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An Underlying Cause – Reflections on the Killings of November 13th 2015

Prologue

In a world that pushes for short statements on complex matters, it is very easy to get carried away and give in to the pressure. Thus, my post earlier today may have hurt some people’s feelings whose interpretation of what the point I was trying to make may have been different from what I intended to say. On the other hand, the feelings underlying the post seemed to resonate with many, so I have taken some time to write my thoughts out in greater detail, in the hope that it will convey the point that I was trying to make without upsetting anyone.

An Underlying Cause – Reflections on the Killings of November 13th 2015

With the setting of the sun on November 13th 2015, Bahá’ís around the world celebrated, for the first time in synchrony on a global scale, the Birth of Bahá’u’lláh, the Founder of the Bahá’í Faith. Since the spreading of the Faith of Bahá’u’lláh to the West, Bahá’ís have been celebrating their Holy Days according to differing calendars in the East and the West, however, this year for the first time in history, they were united in a “common implementation of the Badí calendar”.

Bahá’ís are united in pursuing a far greater number of goals than merely celebrating Holy Days on the same day worldwide. After all, the main purpose of the Bahá’í Faith is “to carry forward an ever-advancing civilization”. In a Tablet to Queen Victoria, Bahá’u’lláh wrote:

“That which the Lord hath ordained as the sovereign remedy and mightiest instrument for the healing of all the world is the union of all its peoples in one universal Cause, one common Faith.”

Bahá’ís, the followers of Bahá’u’lláh worldwide, have been trying for close to two centuries to translate His Teachings into actions in their daily lives.

The Universal House of Justice, the Supreme Body of Bahá’ís worldwide, has stated that “World peace is not only possible but inevitable.” A perfect example of this is provided by Bahá’ís from around the world gathering to elect this Supreme Governing Body, at the International Bahá’í Conventions, every five years, in a spirit of friendliness and fellowship:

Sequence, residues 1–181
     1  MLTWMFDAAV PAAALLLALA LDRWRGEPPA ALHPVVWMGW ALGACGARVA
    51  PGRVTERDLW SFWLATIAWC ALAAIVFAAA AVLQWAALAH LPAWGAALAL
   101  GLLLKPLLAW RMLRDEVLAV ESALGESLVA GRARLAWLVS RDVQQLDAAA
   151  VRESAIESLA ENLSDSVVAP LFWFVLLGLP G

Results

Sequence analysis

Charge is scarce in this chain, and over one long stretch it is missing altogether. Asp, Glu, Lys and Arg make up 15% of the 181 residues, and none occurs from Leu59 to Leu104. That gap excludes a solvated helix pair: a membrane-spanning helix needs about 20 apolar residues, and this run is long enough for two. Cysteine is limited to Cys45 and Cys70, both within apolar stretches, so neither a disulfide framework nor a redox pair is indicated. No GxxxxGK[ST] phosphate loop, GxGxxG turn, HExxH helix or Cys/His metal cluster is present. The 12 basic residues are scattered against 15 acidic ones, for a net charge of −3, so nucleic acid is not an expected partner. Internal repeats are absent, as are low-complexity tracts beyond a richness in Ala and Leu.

International Convention

If these Bahá’ís are able to do it – why can’t we all? Why can’t we all set aside our ignorance-based prejudices, and embrace each other with love and tolerance? Because surely, we will not be able to achieve peace unless we do so.

“The well-being of mankind, its peace and security, are unattainable unless and until its unity is firmly established.”

Many of us in the Western world will have shared our feelings of solidarity with those who were affected by the shootings in Paris. My heartfelt condolences go out to those affected by the shootings in Paris, either directly or indirectly. I also feel that is important on such occasions to remind ourselves that this was not an isolated incident, but rather a symptom of an underlying cause affecting the entire world, namely the widespread nature of disunity and injustice in many aspects of our lives. Indeed, on the same evening suicide bombings were carried out in Iraq and in Lebanon the night before. We are also well aware of the many mass shootings or single gun incidents that take place in the United States of America and elsewhere so frequently; the abuse that many suffer in their own homes from family members; the countless incidents of rape that plague the world (be these carried out by strangers or close friends); the ongoing reports of expressions of racial prejudice in some of the so-called global ‘centres of excellence’; and many other cases of a similar nature. All of the above beg the questions: